Just use the built-in
asm-mode. It gives you syntax highlighting for any assembly languages.
gas-mode does not do that and is not usable with AT&T syntax.
If you want to set indentation for
asm-mode, note that you cannot use
tab-stop-list that specifies spaces that 1 tab, 2 tabs, 3 tabs... can display:
(setq tab-stop-list '(4 8 12 16 20 24 28 32 36 40 44 48 52 56 60
64 68 72 76 80 84 88 92 96 100 104 108 112
The above example means that the fist tab has 4 spaces, 2nd tab (next to the first tab) has 8 spaces, 3rd tab (next to the second tab) has 12 spaces... and so on.
You can also generate the list like this:
(setq tab-stop-list (number-sequence 2 60 2))
number-sequence generates a list of number, with starting number
2 (the first argument) upto
60 (the second argument), each number differs by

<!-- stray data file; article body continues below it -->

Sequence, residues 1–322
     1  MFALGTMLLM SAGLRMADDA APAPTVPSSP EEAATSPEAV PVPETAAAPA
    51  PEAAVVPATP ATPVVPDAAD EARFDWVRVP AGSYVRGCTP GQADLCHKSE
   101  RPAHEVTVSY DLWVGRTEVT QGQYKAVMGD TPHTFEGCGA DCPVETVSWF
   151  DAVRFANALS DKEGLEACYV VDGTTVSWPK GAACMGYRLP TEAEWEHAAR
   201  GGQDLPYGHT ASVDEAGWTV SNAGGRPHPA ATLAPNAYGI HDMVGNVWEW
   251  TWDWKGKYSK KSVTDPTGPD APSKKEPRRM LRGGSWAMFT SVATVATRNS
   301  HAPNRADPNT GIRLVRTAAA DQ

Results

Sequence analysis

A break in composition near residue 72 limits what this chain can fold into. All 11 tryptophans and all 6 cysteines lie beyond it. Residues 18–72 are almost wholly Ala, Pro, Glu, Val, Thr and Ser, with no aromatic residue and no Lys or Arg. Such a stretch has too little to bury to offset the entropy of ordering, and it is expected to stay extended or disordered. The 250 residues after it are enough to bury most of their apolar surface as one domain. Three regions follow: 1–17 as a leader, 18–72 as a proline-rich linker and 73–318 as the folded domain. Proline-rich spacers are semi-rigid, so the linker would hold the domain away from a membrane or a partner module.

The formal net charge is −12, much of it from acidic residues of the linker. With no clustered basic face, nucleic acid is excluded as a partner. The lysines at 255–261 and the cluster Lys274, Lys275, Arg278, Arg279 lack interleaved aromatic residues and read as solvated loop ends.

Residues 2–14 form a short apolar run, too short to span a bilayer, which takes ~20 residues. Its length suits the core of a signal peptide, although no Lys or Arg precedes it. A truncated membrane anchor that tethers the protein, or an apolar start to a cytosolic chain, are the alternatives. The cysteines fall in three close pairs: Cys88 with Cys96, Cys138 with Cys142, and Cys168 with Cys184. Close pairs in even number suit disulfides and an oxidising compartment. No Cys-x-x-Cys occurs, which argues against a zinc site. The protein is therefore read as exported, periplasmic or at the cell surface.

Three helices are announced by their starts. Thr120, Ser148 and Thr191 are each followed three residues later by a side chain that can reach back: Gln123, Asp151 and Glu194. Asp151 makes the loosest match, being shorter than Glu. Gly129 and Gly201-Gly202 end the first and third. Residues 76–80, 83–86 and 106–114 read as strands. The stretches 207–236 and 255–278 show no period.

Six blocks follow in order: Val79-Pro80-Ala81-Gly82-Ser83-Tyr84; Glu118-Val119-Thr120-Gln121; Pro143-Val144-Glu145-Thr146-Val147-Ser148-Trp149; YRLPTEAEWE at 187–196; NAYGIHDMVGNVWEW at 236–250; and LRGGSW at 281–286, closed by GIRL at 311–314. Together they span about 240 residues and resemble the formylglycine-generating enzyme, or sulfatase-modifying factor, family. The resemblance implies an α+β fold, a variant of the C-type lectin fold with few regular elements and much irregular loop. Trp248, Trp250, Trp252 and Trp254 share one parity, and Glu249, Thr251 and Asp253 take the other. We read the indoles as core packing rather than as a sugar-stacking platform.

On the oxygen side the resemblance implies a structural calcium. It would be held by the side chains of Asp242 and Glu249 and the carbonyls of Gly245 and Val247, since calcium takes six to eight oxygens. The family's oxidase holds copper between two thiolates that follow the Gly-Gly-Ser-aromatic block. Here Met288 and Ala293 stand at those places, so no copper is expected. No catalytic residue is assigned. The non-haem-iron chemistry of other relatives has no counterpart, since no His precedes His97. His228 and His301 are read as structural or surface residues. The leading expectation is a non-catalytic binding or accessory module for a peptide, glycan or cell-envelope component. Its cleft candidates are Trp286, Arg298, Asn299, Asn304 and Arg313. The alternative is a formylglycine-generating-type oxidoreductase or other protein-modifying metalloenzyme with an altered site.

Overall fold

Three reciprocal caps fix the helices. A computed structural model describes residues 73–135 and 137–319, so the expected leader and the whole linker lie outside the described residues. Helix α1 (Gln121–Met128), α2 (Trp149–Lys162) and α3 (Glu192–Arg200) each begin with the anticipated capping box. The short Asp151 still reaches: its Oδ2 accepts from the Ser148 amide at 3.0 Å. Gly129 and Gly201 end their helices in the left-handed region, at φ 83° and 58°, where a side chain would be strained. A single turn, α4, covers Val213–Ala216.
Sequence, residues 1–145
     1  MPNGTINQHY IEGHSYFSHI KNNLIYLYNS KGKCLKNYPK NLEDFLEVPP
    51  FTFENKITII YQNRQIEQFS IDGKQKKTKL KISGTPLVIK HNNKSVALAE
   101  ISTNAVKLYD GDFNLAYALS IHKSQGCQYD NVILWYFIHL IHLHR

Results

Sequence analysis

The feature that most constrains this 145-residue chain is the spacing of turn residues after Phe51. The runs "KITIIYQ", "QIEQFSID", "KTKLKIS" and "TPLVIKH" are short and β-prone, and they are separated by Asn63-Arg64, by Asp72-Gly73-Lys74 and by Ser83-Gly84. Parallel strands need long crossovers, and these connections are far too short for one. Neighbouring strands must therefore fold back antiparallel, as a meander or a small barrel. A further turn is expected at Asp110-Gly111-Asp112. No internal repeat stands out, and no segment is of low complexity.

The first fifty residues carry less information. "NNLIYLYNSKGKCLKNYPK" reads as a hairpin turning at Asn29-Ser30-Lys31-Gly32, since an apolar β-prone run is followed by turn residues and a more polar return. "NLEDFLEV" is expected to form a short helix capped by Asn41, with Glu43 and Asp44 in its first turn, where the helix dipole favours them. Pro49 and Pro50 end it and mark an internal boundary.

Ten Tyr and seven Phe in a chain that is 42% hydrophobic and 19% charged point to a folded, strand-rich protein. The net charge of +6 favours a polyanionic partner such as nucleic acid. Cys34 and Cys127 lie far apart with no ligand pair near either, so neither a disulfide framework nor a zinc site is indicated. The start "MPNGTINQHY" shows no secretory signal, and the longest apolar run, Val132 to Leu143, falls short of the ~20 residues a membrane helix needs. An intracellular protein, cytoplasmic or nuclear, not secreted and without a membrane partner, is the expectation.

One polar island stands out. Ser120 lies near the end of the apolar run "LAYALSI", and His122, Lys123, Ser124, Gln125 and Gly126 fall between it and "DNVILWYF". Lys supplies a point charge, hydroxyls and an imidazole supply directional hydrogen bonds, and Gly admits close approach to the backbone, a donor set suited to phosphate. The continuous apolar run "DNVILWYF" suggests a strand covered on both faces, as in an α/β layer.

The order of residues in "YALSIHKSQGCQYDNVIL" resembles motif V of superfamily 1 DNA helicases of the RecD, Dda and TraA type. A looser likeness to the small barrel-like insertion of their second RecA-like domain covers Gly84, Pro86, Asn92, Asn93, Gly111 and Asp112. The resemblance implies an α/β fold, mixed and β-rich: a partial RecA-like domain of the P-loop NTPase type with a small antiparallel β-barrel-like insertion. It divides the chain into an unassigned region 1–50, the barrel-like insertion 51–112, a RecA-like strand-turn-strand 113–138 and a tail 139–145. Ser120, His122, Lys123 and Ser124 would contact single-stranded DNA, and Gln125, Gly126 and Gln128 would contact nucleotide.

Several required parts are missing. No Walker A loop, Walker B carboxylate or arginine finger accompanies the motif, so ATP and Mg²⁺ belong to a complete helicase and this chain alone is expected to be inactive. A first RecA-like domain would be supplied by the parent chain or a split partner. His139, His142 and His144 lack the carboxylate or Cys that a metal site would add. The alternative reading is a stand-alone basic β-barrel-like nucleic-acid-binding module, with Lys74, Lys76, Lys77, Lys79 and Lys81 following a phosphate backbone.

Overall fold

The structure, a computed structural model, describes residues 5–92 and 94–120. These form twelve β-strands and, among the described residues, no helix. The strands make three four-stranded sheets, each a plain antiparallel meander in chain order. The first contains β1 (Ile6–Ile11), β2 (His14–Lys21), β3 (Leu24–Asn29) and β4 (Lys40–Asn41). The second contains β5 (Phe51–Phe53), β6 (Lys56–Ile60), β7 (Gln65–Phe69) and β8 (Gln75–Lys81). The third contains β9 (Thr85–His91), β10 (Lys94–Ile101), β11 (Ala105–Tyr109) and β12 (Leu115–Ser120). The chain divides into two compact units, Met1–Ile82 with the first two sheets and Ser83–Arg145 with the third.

2 to the number next to it. And remember to bind
newline-and-indent to RET, so Emacs automatically indents for you.
If you want to jump around, use Ctags like this:
ctags -e -R
-e means generate tag database to be used by Emacs.
-R means recursively generate tags for files in sub-directories from project root.
After that, you can use
helm-etags-select to jump around or another
etags client in Emacs if you don't use Helm.
EDIT: Here is a sample setup:
(add-hook 'asm-mode-hook (lambda ()
(setq indent-tabs-mode nil) ; use spaces to indent
(electric-indent-mode -1) ; indentation in asm-mode is annoying
(setq tab-stop-list (number-sequence 2 60 2))))
(define-key asm-mode-map (kbd "<ret>") 'newline-and-indent)
(define-key asm-mode-map (kbd "M-.") 'helm-etags-select)
You can also have basic completion with
company-complete when pressing
(define-key asm-mode-map (kbd "<backtab>") 'company-complete)
You can use
<tab> to trigger completion because both
M-i run the same command
tab-to-tab-stop that inserts spaces or tabs depends on your setting of
indent-tabs-mode. The nice thing with
company-mode is that you get a brief description of currently highlighted candidate in the minibuffer, if available. For example, if you have a definition like this:
KeyStrokes word 0
When you move the cursor to
KeyStrokes candidate, it prints
word 0 in the minibuffer.